Over the past few weeks, I’ve received questions from readers in the post-50-year-old age group. One had lost a relatively senior position and was having a tough time finding a comparable job; the other wanted to transition to a different profession than the one he had been in for more than two decades. Both were feeling stuck and discouraged and wondered if they would have to accept that they were past the point of being able to find the kind of positions they’re seeking.
Unfortunately, career experts admit, there isn’t a way to sugarcoat the challenge of finding a new job once you’ve celebrated the Big 5-0.
“Being 50-plus can be an added complexity in a job market that typically favors younger, and less expensive, employees,” says Lisa Schmidt, a certified career coach and founder of Worksphere Consulting.
That is especially true for those looking for senior-level positions during the current pandemic, according to Susan Peppercorn, executive career consultant at Boston-based talent consulting firm ClearRock, Inc. “It’s difficult for someone in their 50s at a senior level to find a comparable position under the best of circumstances. Current economic conditions due to the COVID-19 pandemic have increased that level of challenge exponentially,” she says.
That doesn’t mean these “older” job seekers should just throw in the towel. Here, career experts offer tips on how to best prepare for the job search.
Assess your financial resources. “Many people do not have the financial resources to wait to find the perfect role. In those cases, you may want to consider a job that will help you pay your bills while you look for something that aligns with your talents,” Peppercorn says. “If you are in a financial situation where you must bring in income immediately, then an immediate flow of money is a top priority and so is a job.”
Research the overall job prospects in your industry of choice. You might have to reconsider your goals or expect a longer wait if you’re looking for work in what Schmidt calls “a highly disrupted or shrinking field such as publishing, or oil and gas.”
Ask yourself if this could be an opportunity in disguise. “Is there something you have long wanted to do professionally that this break in employment can be used for?” Schmidt asks. “For instance, have you wanted to train for an entirely different career but lacked the time to do so? Or would you consider taking on a role as an instructor in your field of expertise if you always wanted to teach?”
Make sure your resume and LinkedIn profile portray you at your best. They always should, of course. But in the current climate, LinkedIn has become more important than ever. “With COVID 19, networking has shifted to LinkedIn,” says Damian Birkel, founder and executive director of Professionals In Transition. “Make sure your LinkedIn profile is complete, easy to read, search engine optimized, and full of quantifiable measurable benefits.”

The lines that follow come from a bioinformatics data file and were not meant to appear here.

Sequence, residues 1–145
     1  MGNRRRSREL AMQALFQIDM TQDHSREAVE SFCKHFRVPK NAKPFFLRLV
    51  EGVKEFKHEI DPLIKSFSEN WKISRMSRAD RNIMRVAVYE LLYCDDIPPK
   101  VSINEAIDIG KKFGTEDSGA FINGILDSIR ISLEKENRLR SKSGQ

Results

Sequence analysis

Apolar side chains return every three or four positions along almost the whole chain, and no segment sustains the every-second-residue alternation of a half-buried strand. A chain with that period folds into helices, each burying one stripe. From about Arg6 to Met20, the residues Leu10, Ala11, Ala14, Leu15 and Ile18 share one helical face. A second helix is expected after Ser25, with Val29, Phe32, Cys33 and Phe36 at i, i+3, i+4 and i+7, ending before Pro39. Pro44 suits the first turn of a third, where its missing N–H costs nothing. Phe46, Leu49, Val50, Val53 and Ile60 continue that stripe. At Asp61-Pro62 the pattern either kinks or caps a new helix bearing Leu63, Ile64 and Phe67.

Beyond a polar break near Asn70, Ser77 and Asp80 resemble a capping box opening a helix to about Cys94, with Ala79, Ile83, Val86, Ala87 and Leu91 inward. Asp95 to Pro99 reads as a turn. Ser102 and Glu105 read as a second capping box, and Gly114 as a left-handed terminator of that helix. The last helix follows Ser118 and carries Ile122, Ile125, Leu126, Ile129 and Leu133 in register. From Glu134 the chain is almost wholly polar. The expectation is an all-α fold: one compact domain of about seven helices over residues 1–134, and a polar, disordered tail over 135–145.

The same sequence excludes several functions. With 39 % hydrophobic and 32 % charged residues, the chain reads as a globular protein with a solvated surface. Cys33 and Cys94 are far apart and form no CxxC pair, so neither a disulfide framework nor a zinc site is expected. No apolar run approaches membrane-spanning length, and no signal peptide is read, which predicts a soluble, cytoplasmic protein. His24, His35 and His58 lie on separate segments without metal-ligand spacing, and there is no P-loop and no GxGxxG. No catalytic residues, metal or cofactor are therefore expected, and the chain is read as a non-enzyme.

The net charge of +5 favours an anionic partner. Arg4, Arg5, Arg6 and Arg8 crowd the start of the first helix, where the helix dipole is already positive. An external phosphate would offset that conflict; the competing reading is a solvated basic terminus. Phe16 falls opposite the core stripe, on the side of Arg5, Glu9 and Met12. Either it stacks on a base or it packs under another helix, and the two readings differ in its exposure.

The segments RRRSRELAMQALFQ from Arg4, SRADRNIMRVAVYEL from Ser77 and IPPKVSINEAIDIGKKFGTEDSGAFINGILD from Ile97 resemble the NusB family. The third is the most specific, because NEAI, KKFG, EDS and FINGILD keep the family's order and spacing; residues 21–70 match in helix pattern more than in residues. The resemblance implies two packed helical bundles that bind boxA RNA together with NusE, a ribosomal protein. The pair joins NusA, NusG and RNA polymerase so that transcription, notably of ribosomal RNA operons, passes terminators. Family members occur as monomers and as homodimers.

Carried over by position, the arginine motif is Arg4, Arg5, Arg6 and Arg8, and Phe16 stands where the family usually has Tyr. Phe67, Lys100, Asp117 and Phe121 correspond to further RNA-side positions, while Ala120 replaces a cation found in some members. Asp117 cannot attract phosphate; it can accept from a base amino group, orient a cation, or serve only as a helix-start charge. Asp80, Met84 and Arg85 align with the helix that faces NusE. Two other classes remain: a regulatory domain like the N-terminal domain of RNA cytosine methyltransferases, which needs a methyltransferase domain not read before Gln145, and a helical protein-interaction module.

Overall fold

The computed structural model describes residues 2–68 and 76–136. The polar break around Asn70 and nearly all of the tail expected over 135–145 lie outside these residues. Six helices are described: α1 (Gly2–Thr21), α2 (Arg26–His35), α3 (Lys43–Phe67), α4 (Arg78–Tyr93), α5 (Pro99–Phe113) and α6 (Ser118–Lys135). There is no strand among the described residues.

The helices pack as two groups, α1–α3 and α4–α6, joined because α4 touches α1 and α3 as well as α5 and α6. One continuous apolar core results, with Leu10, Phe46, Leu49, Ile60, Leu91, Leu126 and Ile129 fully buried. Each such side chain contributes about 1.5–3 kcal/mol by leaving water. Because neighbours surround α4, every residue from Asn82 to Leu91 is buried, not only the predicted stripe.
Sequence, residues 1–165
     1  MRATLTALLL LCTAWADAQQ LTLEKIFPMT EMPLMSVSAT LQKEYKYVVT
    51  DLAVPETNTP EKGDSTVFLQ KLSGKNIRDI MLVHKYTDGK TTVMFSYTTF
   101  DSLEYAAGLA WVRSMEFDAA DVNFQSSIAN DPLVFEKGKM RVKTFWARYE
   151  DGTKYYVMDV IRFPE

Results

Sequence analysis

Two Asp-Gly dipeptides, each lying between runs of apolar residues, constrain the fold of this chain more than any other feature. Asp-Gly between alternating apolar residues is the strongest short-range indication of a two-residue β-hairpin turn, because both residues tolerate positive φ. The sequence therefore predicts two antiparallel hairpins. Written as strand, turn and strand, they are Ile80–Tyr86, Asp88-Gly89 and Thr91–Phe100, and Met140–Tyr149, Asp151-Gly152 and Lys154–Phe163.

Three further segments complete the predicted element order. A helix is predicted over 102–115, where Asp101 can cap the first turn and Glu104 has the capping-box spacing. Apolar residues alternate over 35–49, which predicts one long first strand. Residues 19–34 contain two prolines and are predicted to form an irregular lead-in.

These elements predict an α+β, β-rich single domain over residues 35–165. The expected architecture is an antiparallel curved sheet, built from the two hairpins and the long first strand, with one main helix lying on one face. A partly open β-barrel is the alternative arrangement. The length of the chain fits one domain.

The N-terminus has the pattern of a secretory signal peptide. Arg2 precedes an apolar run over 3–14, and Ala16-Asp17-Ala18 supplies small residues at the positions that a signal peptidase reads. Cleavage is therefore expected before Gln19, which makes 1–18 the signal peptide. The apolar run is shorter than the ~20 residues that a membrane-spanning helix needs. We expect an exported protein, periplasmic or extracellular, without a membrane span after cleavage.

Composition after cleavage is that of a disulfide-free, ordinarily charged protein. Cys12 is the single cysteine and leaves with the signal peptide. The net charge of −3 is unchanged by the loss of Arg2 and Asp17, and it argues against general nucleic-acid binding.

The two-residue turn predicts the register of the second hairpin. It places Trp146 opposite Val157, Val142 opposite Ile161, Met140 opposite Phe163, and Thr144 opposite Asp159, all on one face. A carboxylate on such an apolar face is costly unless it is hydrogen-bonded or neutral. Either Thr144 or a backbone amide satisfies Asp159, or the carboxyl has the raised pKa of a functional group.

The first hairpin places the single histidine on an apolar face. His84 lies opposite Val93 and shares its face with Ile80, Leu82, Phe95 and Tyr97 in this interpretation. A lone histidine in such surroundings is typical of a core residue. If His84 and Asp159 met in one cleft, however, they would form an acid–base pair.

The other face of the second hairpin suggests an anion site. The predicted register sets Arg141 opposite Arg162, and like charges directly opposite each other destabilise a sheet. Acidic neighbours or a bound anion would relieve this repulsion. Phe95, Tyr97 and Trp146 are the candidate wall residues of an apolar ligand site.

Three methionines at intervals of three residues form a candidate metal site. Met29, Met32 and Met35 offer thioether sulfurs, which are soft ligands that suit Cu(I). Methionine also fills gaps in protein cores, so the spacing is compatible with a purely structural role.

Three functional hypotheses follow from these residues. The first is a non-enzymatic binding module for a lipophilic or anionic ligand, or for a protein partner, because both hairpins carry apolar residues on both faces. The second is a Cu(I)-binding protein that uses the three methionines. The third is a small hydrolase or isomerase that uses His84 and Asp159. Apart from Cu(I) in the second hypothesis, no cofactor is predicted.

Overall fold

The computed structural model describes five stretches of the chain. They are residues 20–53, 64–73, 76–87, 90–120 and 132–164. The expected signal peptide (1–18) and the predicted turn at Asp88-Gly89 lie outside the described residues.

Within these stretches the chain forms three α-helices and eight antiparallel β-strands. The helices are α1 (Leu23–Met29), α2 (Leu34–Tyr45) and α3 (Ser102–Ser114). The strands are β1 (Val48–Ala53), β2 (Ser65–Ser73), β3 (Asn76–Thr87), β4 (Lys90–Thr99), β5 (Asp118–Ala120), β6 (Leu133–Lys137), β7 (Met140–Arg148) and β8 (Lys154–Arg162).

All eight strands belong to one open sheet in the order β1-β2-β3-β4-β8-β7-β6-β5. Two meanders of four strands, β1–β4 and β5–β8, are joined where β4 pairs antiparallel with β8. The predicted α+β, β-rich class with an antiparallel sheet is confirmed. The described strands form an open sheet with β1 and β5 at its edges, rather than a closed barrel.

Your profile should “make clear what problems you are uniquely positioned to solve” as well as “the impact you have had as a leader, as opposed to the activities you did in your previous positions,” Schmidt echoes. “If you have a profession that can be leveraged into different industries, get really clear on your transferable skills, knowledge and talents. Know what you are good at and get good at describing it. Consider a personal website and business card as promotional material … for you!
Birkel also suggests leveraging LinkedIn in other ways.
“Participate in discussion groups. If you can afford it, move into the paid level of LinkedIn,” he suggests. “It gives you access to hundreds of excellent courses. That alone is worth the money each month to pay. In addition, you will be able to contact anyone you desire.”
Have two resumes. This is a good idea, especially for someone who needs to find work quickly and cannot wait for the perfect position, according to Debra Boggs, co-founder of D&S Professional Coaching. One version should be for higher-level management roles, the other is scaled back to appeal to a wider market of mid-level positions. “This way, a candidate isn’t applying for mid-level roles with a resume that makes them appear over-qualified, but they still have the higher-level version on-hand in case an opportunity becomes available,” Boggs explains.
Consider contract work. It can be an excellent alternative to waiting for the ideal role to arrive. “Contract employment allows you to test out an employer environment without a long-term commitment while building your capabilities,” Peppercorn says.
Evaluate opportunities in terms of opportunity for growth. “Compensation and title are not the only measures of career trajectory,” Peppercorn points out. “Will this new opportunity teach you something new that can be transferable in the future? Today’s ever-changing business climate appreciates someone who has a variety of experience and has taken risks.”
Making sure potential employers know about all that experience and risk-taking is what likely will land that desired job.
“I think it’s less about the path you choose or have to choose,” says Peppercorn. “It’s more about how you tell your story.”
(Article written by Kathleen Furore)